prices.
Final goods and services: A final good (or service) is an item bought by its final user
during a specified time period.
Produced within a country: GDP measures production within a countrydomestic
production.
In a given time period: GDP measures production during a specific time period,
normally a year or a quarter of a year.

GDP is total spending. Total spending is classified into four components:


Consumption (C) - total spending by households on goods and services

Investment (I) - total spending on goods that will be used in the future to produce
more goods.

Government Purchases (G) - all spending on the goods and services purchased by
government at the federal, state, and local levels.

Net Exports (NX) - NX = exports imports

Exports represent foreign spending on the economys goods and services. Imports
are the portions of C, I, and G that are spent on goods & services produced abroad.
Adding up all the components of GDP gives:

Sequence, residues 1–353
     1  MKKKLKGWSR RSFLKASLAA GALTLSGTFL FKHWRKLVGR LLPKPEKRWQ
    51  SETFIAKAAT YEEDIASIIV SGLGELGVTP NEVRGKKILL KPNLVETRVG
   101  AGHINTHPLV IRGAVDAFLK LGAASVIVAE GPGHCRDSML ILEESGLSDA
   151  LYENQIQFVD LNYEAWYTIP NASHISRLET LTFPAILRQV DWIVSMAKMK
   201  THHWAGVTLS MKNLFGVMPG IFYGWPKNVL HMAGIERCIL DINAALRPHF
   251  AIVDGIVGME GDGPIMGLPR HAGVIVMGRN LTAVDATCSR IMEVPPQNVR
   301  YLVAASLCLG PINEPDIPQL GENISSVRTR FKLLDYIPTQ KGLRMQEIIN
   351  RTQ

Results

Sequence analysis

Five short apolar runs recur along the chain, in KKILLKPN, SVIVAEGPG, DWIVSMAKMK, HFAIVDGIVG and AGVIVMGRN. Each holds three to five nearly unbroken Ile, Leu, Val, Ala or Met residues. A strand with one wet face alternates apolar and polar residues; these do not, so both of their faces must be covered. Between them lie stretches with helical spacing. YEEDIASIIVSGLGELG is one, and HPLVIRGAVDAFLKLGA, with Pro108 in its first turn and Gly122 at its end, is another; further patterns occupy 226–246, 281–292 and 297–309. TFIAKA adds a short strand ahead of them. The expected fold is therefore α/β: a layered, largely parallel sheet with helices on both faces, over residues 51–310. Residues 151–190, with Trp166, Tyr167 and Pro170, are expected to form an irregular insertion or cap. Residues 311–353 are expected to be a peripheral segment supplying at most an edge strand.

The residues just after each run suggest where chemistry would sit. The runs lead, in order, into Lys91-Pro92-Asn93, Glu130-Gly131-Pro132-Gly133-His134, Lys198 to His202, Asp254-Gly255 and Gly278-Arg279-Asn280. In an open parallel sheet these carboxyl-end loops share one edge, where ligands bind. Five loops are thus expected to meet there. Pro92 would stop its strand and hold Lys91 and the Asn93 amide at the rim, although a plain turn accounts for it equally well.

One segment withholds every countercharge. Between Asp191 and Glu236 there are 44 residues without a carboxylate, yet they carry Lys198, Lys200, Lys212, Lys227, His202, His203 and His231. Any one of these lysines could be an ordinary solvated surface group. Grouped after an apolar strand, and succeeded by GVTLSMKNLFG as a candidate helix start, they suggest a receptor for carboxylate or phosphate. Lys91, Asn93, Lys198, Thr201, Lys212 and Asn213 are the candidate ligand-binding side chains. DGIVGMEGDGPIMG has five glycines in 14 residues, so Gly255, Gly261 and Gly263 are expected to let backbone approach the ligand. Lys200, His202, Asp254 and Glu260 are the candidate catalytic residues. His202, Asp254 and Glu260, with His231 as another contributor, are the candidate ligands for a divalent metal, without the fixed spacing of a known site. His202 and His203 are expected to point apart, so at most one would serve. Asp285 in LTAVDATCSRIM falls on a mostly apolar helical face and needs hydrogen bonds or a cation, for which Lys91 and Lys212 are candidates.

Y = C + I + G + NX
GDP = consumption + investment + (government spending) + (exports imports)
ii) GROSS NATIONAL PRODUCT (GNP)
GNP in general, means the total of all business production and service sector industry in
a country plus its gain on overseas investment. It was the total value of all final goods
and services produced within a nation in a particular year, plus income earned by its
citizens (including income of those located abroad), minus income of non-residents
located in that country. In some cases GNP will also be calculated by subtracting the
capital gains of foreign nationals or companies earned domestically.
Basically, GNP measures the value of goods and services that the country's citizens
produced regardless of their location. GNP is one measure of the economic condition of
a country, under the assumption that a higher GNP leads to a higher quality of living, all
other things being equal. Through GNP an accurate portrait of a nations yearly
economy can be analyzed and studied for trends since GNP calculates the total income